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Re: Tags and branches are NOT the same

From: Vincent Starre <vstarre_at_comcast.net>
Date: 2006-03-20 22:28:20 CET

John Calcote wrote:

> John Peacock wrote:
>
>> John Calcote wrote:
>>
>>> Speaking of branches, I would also like to see tags implemented such
>>> that people cannot commit a change from a work area produced from a
>>> tag - under any conditions.
>>
>>
>> That is a _convention_ that many sites adhere to, but doesn't need to
>> be coded into the _application_ itself. There are at least a couple
>> of ways to enforce that on the server, with a pre-commit hook being
>> the most easily managed.
>
> It's really great that there's a way to make this work, but how is
> this different from the tag-file/grep/sed construct in my original
> post as a way of managing tags as symbolic revisions? I'm talking
> about TAGS being treated as a first-class concept in Subversion. Not a
> thing to be hacked in on the side with hook scripts. Let me back off a
> little and try to state it less harshly and more concisely. Subversion
> TAGS as a way of accessing immutable snapshots is a concept important
> enough to version control systems that they SHOULD be added to the
> application.
>
> As far as convention is concerned...well, there's a reason that many
> sites adhere to this convention. It's a sound software engineering
> principle. How useful is your source code repository (from both
> engineering and legal standpoints) if its history is blurred by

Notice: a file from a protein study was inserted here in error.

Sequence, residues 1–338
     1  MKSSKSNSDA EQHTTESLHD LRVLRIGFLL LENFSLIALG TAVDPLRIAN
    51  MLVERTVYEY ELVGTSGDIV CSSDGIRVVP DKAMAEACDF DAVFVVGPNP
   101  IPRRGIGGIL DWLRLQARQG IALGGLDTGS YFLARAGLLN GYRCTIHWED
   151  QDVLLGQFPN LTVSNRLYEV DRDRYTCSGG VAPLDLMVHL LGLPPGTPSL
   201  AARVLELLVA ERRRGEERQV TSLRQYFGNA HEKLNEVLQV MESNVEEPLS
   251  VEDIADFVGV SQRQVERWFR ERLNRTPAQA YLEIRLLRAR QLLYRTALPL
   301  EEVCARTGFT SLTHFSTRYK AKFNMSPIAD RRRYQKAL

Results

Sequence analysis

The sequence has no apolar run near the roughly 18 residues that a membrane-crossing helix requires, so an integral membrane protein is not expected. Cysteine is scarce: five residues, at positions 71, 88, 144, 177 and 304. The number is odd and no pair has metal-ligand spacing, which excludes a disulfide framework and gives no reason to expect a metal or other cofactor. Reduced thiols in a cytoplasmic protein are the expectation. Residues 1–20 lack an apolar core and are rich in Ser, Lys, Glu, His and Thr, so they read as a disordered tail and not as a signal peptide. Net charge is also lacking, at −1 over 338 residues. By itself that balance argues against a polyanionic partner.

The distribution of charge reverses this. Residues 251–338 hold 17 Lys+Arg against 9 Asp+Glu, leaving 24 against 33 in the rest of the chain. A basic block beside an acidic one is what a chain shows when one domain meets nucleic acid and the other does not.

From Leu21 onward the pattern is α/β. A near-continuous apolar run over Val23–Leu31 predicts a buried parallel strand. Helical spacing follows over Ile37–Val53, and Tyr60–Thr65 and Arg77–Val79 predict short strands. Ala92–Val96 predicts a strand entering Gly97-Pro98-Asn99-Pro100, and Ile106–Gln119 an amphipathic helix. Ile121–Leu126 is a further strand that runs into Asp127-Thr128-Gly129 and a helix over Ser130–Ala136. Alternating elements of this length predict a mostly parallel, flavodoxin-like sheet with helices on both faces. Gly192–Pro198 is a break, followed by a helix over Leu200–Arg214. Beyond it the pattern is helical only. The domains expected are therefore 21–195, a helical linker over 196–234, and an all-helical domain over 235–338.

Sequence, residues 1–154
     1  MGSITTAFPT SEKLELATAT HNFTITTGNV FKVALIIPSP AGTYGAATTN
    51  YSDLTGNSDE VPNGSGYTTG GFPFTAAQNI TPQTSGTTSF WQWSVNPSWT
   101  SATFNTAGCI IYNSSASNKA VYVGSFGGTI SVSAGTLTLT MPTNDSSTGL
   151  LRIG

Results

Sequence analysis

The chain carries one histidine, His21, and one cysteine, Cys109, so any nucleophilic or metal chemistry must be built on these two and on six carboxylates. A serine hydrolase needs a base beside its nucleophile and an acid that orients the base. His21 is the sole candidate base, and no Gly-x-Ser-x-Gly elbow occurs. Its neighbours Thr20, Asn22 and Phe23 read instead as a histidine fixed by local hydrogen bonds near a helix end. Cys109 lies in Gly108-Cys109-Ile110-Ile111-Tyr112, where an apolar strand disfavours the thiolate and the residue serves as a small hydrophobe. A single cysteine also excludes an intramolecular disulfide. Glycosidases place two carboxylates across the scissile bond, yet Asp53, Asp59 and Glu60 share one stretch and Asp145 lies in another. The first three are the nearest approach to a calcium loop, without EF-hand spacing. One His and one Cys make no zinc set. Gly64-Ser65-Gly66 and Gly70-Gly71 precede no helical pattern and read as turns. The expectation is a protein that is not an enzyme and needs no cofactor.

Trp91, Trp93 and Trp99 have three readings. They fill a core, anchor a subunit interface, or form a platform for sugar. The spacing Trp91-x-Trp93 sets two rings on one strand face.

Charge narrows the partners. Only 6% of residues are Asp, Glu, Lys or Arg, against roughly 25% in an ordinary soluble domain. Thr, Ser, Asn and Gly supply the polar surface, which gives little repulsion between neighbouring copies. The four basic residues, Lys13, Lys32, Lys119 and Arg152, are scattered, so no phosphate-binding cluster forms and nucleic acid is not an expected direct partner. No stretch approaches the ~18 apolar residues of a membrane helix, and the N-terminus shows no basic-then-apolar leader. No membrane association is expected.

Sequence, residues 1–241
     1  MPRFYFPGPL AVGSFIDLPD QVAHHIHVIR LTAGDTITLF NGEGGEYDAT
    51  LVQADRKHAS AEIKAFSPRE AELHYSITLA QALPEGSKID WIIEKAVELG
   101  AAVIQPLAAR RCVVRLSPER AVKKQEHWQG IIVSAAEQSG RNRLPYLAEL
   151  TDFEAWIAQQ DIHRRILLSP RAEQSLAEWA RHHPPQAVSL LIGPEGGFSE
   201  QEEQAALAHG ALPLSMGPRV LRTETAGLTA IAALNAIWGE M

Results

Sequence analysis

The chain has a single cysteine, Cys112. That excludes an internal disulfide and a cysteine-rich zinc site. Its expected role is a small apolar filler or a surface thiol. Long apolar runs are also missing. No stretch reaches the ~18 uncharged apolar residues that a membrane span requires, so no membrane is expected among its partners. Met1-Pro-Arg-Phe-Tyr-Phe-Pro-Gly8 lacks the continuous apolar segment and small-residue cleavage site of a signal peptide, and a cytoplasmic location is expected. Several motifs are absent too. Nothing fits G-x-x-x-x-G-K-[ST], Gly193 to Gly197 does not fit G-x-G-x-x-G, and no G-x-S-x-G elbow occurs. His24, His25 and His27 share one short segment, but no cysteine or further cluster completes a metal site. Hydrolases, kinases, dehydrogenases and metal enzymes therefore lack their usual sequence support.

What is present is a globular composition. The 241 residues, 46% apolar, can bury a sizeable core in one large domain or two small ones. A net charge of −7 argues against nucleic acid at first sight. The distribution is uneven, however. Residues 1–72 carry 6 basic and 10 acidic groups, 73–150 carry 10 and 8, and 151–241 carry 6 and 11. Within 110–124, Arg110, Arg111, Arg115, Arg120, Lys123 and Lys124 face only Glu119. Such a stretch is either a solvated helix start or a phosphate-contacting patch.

> check-ins on tags? I want to take a stand on this - and please DO
> comment if you disagree:
>
> I believe the fundamental concept of TAGS includes immutability. A
> mutable tag, by definition, is a branch, not a tag. Furthermore,
> making TAGS a first-class concept removes any need for mutability in
> tags.
>
> John
>
I should probably mention my strong bias in that I hold the
philisophical belief that good conventions are only good /because/ they
are conventions, and that attempting to build any type of enforcement or
even standard method of allowing enforcement tends to take away from the
goodness of the convention. (eg: standard forms of code indenting are
only meaningful because the option exists to not indent when that too is
meaningful -- please keep any replies to /that/ off the list. Perfectly
willing to have a flame war in my own mailbox without cluttering
everyone else's)

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Received on Mon Mar 20 22:29:00 2006

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